For counselor roles, you don’t need a doctoral-level degree. You can usually attain these roles upon completion of a master’s program and a licensing process.
A school counselor differs from a school psychologist in several ways, even though both serve critical roles in the education system. School counselors serve a broader range of students and provide broad, basic services rather than focusing on the testing, assessing and invention plans specifically for students who need assistance due to psychological, behavioral or developmental issues.
Any student may turn to school counselors for help dealing with a learning problem, emotional problem, family problem or social problem. School counselors also help students plan for the future, including considering potential career paths and preparing for college, apprenticeships in the skilled trades or the workforce.
Licensed Professional Counselor or Therapist
If it turns out that you’re more interested in counseling techniques than in learning to practice psychology in a counseling psychologist role, consider pursuing a career as a counselor or therapist of some kind.
Mental health counselors can provide counseling services to patients and clients with all sorts of mental health concerns and emotional, psychological or social relationship problems. They may help patients move forward after a trauma or crisis or help them manage depression, anxiety, stress, grief and trouble with self-esteem. Substance abuse counselors and behavioral disorder counselors focus on helping patients who are struggling with some sort of addiction – whether that addiction takes the form of substances like alcohol and recreational drugs or behavioral disorders that can range from gambling to eating disorders.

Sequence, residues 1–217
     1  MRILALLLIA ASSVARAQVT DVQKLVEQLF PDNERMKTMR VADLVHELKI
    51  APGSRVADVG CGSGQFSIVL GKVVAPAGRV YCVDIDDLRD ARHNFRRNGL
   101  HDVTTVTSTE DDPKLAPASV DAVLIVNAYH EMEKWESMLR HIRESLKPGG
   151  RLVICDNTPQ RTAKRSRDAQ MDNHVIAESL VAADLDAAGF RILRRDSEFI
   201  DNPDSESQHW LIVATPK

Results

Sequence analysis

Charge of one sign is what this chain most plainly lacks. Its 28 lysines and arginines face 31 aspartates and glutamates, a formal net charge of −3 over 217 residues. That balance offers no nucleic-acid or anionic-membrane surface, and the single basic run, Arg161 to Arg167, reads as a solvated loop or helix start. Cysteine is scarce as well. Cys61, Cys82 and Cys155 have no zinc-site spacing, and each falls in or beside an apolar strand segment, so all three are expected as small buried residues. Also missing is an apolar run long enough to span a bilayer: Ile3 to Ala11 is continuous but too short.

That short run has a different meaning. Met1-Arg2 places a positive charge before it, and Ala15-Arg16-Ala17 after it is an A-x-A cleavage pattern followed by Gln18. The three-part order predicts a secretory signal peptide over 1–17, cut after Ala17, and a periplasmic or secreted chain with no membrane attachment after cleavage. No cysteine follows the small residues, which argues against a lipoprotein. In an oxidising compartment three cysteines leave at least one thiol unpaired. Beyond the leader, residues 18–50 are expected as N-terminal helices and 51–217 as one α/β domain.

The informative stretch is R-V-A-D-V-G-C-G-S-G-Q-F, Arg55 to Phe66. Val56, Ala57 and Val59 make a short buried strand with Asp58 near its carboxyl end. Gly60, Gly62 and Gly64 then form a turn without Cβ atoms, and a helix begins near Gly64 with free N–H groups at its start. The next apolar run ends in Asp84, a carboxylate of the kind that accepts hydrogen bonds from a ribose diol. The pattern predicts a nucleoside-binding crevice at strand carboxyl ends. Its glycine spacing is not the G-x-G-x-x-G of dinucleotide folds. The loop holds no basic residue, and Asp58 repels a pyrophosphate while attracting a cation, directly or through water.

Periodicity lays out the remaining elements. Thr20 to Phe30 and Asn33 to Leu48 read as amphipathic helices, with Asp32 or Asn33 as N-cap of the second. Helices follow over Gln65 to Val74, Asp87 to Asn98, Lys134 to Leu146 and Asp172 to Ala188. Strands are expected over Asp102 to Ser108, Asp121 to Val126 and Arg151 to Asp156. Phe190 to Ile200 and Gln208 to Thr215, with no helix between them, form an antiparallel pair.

Counselors use a variety of counseling techniques and approaches to help and advise their patients and clients, including implementing talk therapy with individuals, couples, families and groups.
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If you have been thinking about becoming a psychologist to work in the industrial-organizational applications of the field, an alternative career path to consider is business consultant.
Many factors go into achieving success in business, not just the principles of psychology. You might have insights to offer as a business consultant with a background in management and leadership, finance, industrial engineering or any number of other subjects. Generally, you don’t need to achieve any specific credentials to begin marketing your services as a business consultant. You may, however, need a reputation, references or an impressive history of results to persuade companies to hire you.
The Qualities of Successful Psychologists
What qualities should you possess if you want to become a psychologist? Naturally, which type of psychology career path you want to pursue affects the answers to this question.
A clinical or counseling psychologist is more likely to need plenty of patience, empathy and a good bedside manner than an experimental psychologist, for whom analytical skills, observational skills and the integrity to follow legal and ethical regulations are more essential attributes. Generally, though, all of these strengths are valuable in any role in psychology, as are problem-solving and communication skills.